Thesis #13 – The declining forces of natural selection lead to an evolutionary failure to establish the genomic information required for tuning the complex networks of life well enough to provide a high level of health indefinitely; there is no mechanistic necessity at the level of physiology to this failure.
It is intuitively hard for people who have never seen diagrams of solar systems to absorb the concept of a heliocentric solar system, in which the Moon orbits Earth, but Earth orbits the sun. But with such diagrams and a patient science teacher, most people get over the naturally-geocentric intuitive view.
It is still harder to get people to absorb the present-day Darwinian explanation of aging, as derived from Hamilton’s Forces of Natural Selection. I have been failing at this task for decades, and I am not alone. The problem is that the meaning of the equations and scientific diagrams that we use to explain the theory is not as intuitively accessible as diagrams of solar systems.
But I recently thought of another way to convey the idea. The key is to understand that animals and the cells that they are made from are extremely complex machines that function because of information stored in their genomes. That information is built by natural selection. When natural selection is impaired, by mutation or inbreeding for example, the information underlying function is degraded. That is, functional information from the genome is built by natural selection, to the extent to which natural selection can, given the evolutionary situation.
Some of this information is age-specific. So there is genetically encoded information that effectively “instructs” the mammalian fetus how to develop prior to birth. There is also genetically encoded information that effectively instructs the developing mammal to undergo a process of sexual maturation, in order to reproduce. All this information was produced in our evolutionary past thanks to the full force of natural selection acting at ages before the start of reproduction.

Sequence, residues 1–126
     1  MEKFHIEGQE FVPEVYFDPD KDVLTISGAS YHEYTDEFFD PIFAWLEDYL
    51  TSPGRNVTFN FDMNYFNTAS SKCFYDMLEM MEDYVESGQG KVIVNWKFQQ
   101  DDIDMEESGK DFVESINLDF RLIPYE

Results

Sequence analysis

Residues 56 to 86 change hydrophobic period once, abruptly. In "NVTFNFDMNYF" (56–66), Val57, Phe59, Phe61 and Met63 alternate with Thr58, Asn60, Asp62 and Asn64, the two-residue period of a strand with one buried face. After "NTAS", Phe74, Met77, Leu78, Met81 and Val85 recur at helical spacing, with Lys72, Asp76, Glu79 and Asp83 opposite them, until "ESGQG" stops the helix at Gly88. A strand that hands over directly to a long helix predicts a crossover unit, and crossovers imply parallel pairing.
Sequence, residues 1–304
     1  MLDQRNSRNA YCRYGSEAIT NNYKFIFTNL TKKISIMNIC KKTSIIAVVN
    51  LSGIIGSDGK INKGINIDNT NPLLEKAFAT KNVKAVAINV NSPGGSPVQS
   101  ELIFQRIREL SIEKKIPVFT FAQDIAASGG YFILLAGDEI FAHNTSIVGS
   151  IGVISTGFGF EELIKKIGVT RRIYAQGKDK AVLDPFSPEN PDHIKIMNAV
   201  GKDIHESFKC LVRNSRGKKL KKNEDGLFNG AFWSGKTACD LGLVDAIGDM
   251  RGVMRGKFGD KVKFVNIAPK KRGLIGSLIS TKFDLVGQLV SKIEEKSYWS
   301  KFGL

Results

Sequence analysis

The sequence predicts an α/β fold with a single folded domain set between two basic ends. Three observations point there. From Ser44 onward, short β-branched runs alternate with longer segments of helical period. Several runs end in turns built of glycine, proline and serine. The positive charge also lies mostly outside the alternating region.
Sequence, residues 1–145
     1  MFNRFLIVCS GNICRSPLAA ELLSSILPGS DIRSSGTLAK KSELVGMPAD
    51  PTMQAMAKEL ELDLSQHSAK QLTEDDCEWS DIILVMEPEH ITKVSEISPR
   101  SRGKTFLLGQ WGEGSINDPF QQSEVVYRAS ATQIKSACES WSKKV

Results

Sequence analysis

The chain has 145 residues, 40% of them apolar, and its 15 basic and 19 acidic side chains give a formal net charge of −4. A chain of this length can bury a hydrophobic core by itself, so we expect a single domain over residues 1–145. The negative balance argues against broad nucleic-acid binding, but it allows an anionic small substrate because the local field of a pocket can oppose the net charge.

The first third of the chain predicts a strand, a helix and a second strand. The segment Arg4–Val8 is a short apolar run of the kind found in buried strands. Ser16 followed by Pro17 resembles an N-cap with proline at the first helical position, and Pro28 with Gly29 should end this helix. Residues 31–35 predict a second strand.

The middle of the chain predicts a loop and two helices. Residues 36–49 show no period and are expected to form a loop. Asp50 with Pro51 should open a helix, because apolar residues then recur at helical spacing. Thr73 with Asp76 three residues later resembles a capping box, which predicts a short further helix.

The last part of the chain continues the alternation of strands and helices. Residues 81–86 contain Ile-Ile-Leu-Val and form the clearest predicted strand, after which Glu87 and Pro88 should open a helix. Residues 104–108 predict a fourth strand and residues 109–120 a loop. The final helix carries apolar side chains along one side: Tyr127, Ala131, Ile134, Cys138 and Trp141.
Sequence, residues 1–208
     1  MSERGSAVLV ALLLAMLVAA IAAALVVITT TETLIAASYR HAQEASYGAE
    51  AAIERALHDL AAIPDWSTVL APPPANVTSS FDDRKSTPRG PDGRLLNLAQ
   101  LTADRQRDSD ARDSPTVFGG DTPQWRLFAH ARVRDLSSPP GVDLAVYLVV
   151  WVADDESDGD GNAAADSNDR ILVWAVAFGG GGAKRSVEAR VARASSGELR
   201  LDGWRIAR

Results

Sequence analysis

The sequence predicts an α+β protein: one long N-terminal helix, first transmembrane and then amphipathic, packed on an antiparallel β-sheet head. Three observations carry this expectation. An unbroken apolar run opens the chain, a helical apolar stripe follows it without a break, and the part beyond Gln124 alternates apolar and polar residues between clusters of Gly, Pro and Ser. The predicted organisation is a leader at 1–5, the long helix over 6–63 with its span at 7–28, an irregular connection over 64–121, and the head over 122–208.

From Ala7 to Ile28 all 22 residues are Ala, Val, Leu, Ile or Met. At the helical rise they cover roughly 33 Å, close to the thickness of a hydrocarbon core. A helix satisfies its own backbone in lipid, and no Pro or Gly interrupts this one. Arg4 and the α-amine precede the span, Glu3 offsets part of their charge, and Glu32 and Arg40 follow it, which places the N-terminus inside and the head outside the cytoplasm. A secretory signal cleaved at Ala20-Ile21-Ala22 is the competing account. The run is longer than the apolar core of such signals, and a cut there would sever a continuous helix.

But natural selection has been under little pressure to specify instructions for useful function at later adult ages. It is not that there are material difficulties with sustaining life which natural selection cannot overcome; as we will discuss later in the 55, natural selection can easily do so. It is just that natural selection hasn’t bothered to develop the information for our indefinite survival. The information isn’t there. There is nothing to “read off” of the genome with which to sustain our youthful health. Those pages of our genomic instruction manual are either blank or defaced.
Unlike God in Woody Allen’s movie “Love and Death,” natural selection is not an underachiever when it comes to our aging. It just doesn’t care. Or you can think of it as a novelist or screenwriter who loses interest as they proceed through the drafting of their work. The last chapters just haven’t been written.
Physiologically, to the extent to which the genome doesn’t have useful instructions for later survival or fertility, it is going to become harder for the animals with that genome to survive or reproduce.